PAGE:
What do networks and family trees have in common? It can be hard to trace your family tree, identify distant relatives and their relationships, especially when you add in different countries, marriages, divorces, languages, surnames and keep all of this up to date. The longest family tree in the world spans 80 generations and has two million members!
Network relationships and inventory are even more difficult to pin down because they are constantly in a state of change. Events can occur at any time that change the status of the network, impact the future topology of the network, and affect operations and business processes. This impacts effectively managing the network and keeping customers satisfied with the delivery of services.
Network inventory systems are famously not that accurate or in sync with reality on the ground and over time operators end up not really knowing what’s deployed in their networks and where. As networks grow and acquisitions happen, so too does the complexity and inaccuracy of inventory systems as a result of multiple inventories, domain-specific siloed inventories and diverse, non-standardized interfaces. On average, network operators maintain 16 separately managed network domains, on average (e.g. optical, Ethernet/IP platforms, different vendors using different NMS, etc.). (Heavy Reading survey 2019)
Why accurate network inventory and topology matters more today?
Inventory systems have evolved over the years to support auto-discovery of network assets, configuration management, managing physical, logical and virtual elements as well as tracking millions of assets. Increasingly with the need to automate and support on-demand service fulfillment and as-a-service business models based on dynamic resources, inventory systems are critical to efficient network operations. Half of operators believe that a unified, dynamic view of topology and inventory is critical to achieving their automation goals. (Heavy Reading survey 2019).
This has increased the urgency to federate inventory and integrate inventory with other systems such as trouble ticketing and alarm monitoring but it’s not easy to do with data quality issues and multiple non-standardized systems. While 90% of operators have attempted inventory and topology federation projects, less than a third actually succeed.
How CenturyLink handled inventory and automated provisioning challenges
CenturyLink, the second largest operator in the U.S. with customers in over 60 countries, was facing the enormous challenge of consolidating six networks and eight inventory systems as well as automating provisioning across all these new systems.
Initial attempts to automate provisioning resulted in an unacceptable fallout rate and for example periodically routing services over external (and expensive) networks when internal resources could have been used.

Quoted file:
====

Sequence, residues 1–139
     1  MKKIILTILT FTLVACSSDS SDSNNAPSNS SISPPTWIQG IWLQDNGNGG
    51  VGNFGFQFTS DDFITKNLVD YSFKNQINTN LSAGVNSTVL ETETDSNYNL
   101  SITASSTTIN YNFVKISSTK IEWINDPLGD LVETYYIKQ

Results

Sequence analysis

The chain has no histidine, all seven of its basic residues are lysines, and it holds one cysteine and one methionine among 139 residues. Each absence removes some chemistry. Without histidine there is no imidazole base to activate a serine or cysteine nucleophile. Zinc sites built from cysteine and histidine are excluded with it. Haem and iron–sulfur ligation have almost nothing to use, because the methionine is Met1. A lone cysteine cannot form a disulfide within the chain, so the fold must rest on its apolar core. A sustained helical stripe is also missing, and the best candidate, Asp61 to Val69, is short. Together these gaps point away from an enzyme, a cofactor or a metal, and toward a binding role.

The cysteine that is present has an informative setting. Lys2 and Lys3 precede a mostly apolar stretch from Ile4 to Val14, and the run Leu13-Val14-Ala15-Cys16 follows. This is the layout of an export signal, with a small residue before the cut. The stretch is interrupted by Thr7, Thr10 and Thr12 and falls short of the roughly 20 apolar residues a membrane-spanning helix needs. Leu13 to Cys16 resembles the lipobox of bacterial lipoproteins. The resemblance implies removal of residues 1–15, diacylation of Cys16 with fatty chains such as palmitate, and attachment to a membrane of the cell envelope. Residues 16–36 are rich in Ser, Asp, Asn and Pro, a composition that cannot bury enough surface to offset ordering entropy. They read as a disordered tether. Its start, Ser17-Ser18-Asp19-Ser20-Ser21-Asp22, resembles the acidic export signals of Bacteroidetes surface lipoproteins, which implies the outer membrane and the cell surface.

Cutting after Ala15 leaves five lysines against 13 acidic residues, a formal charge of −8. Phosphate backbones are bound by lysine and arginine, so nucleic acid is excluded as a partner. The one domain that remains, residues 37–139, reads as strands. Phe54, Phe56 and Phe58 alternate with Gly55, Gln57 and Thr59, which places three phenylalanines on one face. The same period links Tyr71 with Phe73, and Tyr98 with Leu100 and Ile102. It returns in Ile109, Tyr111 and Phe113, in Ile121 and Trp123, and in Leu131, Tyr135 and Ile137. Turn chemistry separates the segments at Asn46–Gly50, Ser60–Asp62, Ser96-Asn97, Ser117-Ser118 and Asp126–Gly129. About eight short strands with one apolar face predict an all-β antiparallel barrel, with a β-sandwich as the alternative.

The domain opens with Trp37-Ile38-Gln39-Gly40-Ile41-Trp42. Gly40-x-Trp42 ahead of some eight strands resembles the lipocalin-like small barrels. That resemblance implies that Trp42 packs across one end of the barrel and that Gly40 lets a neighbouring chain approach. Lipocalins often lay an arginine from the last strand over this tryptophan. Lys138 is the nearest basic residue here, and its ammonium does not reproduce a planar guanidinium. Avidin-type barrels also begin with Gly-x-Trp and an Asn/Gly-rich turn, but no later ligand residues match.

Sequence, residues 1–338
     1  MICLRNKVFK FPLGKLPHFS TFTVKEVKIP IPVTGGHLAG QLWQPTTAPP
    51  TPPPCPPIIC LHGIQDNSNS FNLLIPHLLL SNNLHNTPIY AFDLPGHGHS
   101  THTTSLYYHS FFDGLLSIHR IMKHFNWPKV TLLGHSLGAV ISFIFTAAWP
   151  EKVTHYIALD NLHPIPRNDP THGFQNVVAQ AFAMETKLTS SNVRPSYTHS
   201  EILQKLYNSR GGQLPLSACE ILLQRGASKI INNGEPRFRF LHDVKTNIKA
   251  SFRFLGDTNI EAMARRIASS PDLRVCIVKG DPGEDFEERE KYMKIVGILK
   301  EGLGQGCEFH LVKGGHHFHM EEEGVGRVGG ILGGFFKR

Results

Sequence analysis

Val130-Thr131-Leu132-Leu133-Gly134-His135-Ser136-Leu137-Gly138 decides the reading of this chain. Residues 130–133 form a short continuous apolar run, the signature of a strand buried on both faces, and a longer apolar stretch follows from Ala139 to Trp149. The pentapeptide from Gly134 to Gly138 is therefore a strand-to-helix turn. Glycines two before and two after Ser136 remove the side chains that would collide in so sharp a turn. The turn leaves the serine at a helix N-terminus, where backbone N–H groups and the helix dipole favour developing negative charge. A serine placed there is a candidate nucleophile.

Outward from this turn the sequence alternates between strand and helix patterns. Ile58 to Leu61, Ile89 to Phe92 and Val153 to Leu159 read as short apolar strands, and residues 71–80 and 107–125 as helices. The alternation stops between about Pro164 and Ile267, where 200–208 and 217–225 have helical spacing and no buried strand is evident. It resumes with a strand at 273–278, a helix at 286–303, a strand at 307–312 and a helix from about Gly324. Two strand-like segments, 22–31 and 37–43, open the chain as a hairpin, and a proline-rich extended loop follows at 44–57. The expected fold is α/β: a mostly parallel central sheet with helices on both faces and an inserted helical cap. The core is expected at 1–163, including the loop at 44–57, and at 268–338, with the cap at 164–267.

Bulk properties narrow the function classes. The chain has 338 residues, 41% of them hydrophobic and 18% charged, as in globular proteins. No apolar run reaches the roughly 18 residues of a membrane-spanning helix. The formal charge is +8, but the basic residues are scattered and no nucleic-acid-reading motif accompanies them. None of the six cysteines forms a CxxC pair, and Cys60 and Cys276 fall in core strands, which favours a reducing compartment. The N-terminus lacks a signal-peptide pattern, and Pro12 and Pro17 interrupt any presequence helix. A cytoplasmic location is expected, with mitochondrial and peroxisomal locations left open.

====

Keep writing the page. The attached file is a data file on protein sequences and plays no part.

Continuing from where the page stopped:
Calculating paths that span multiple networks can be complicated, especially when equipment in play is varied. Using manual processes for this work is inefficient and prone to inaccuracies and human error.
EXFO worked with CenturyLink to deploy Nova Context to create and maintain inventory federation, a cross-domain topology that dynamically links silo networks. Lower fallout rates and ‘right first time’ provisioning dramatically improved customer experience, as well as helped lay a solid foundation for the safe adoption of automation.
Path computation for optical transport
How Nova Context works in Centurylink automated service provisioning:
- Requests for a cross-domain service are made by users via GUI and by the orchestrator
- Nova Context calculates a set of optimal paths and determines the design necessary for implementation.
- Paths are communicated back to the orchestrator
- The orchestrator is then free to automatically create the service from the design
provided by Nova Context
A particular benefit of Nova Context is its ability to autonomously create this end-to-end model of the network and services. Once connectivity has been established to the source inventories and the semantic rules have been established to adapt Nova Context to the specific operator environment, the system builds and maintains the model automatically.
If new inventory data is added that Nova Context does not understand or have a rule for, it automatically flags it so that additional rules can be added. The entire process of getting a complete, federated end-to-end view of network and services can be completed in a few months, rather than years.
5G and optimizing mobile backhaul infrastructure
With new 5G services that need to be provisioned with extremely low network latency of less than 10, 5 or even 1 millisecond, mobile operators are working hard to prepare their fibre backhaul networks to support far more stringent service delivery and performance demands.
This will mean optimize existing fibre backhaul investments and determining where paths are performing well and where upgrades and investments are needed. Nova Context is well-designed to support 5G service provisioning by determining the latency on different paths and by calculating optimal network pathways according to customer-defined criteria (e.g. latency and equipment preference).
Read our paper Enabling inventory transformation and learn how Nova Context enhances federated inventory data with an end-to-end dynamic view of the network, services and customer dependencies that’s kept constantly up to date.